The official conservative and Islamic character of Iran only thinly veils (ha!) what really goes on in private. We met a Canadian-Iranian when we were arriving at Tehran airport. He was insistent that you’d find the best and wildest parties in the world in Iran, they’re just hard to find because they happen behind closed doors.
Then there’s this, a government report which reported that in a country where adultery is punished by stoning, more than 80% of young people reported being sexually active outside of marriage. 17% identified as gay. The surprising bit isn’t the findings of the report but that a government agency was prepared to talk about it openly and even that they proposed a solution, though not for young gay Iranian’s sadly.
The concern wasn’t the fact of the sex (nor the potential for unwanted pregnancies nor STDs) it was just that it was happening without religious sanction. Their solution was sigheh, an ancient religious custom wherein a cleric sanctions a temporary marriage for a predefined period of time and within it sex is acceptable. Sometimes a dowry is involved too. You can extend the period of the segheh but the default assumption is that it will lapse. And you can have multiple segheh over your lifetime, though women are expected to wait for two menstrual cycles in between to make paternity certain.
Segheh dates back to the time of Muhammed who is understood to have sanctioned it for his followers. It has historically been used by men on pilgrimages, including by clerics themselves. And it was seen as a legitimate way for a widow to find a new husband who could financially support her. Segheh was adopted by Shiite Muslims, but is forbidden by Sunni.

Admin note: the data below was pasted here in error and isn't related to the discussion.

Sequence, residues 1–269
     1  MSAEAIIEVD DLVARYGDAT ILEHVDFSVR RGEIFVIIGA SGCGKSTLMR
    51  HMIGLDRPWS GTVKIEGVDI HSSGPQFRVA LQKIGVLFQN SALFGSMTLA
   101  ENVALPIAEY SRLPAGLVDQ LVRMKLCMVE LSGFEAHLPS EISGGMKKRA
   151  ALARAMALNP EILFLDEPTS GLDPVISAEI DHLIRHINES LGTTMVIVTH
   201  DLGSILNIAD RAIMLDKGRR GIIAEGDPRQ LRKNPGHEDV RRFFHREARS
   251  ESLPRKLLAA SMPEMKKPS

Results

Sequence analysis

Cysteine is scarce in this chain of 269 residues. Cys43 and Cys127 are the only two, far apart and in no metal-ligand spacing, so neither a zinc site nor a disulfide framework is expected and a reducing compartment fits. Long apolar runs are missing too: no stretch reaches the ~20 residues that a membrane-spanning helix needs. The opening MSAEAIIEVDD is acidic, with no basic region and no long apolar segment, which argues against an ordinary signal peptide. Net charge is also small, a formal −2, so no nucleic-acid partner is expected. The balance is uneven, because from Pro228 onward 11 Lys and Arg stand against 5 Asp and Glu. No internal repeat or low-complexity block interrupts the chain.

Over time use of segheh has evolved, and attitudes towards it in modern Iran are confusing. The government accepts and even encourages it. In the 1990s President Rafsanjani encouraged it as an alternative to “Western promiscuity” and now it seems the government thinks it is an anti-dote to teen sex.
Some liberal Iranians see segheh as a way to have relationships that might be commonplace in the West, but need legal cover in Iran. It’s a convenient way to live in a de facto partnership without fearing the wrath of the morality police, or that your landlord will dob you in to them if you don’t pay rent on time. Now there’s even a dating website to shack up in a segheh for a while. You can filter results by how much a man’s car is worth or the ‘veil status’ of a woman (whether she wears a chador and how much hair she shows). Apparently the site has a hundred thousand members, but only one in ten are female.
Elsewhere, in more conservative circles segheh is condemned. Not all clerics will give their blessing to these temporary marriages. Plus women who enter into segheh are often stigmatised as promiscuous, or even prostitutes, and it may be harder for them to find a permanent partner in a more conventional marriage afterwards.
Several of these attitudes and practices speak to the key themes we’re beginning to observe in our time in Iran:
- there is a conservative Islamic orthodoxy, but people we meet seem liberal and would probably be more comfortable living in the West than many Pakistanis we met, or indeed Chinese
- the codification of Islamic law gives ways to wiggle around it that might not be available if it were just a cultural norm to which you were expected to conform (see headscarf wear in Tehran, and now ways to have sex without being married)
- Iran is confusing and complex, and there are a lot of things about it which are surprising – who knew their approach to marriage is arguably more flexible than ours at home?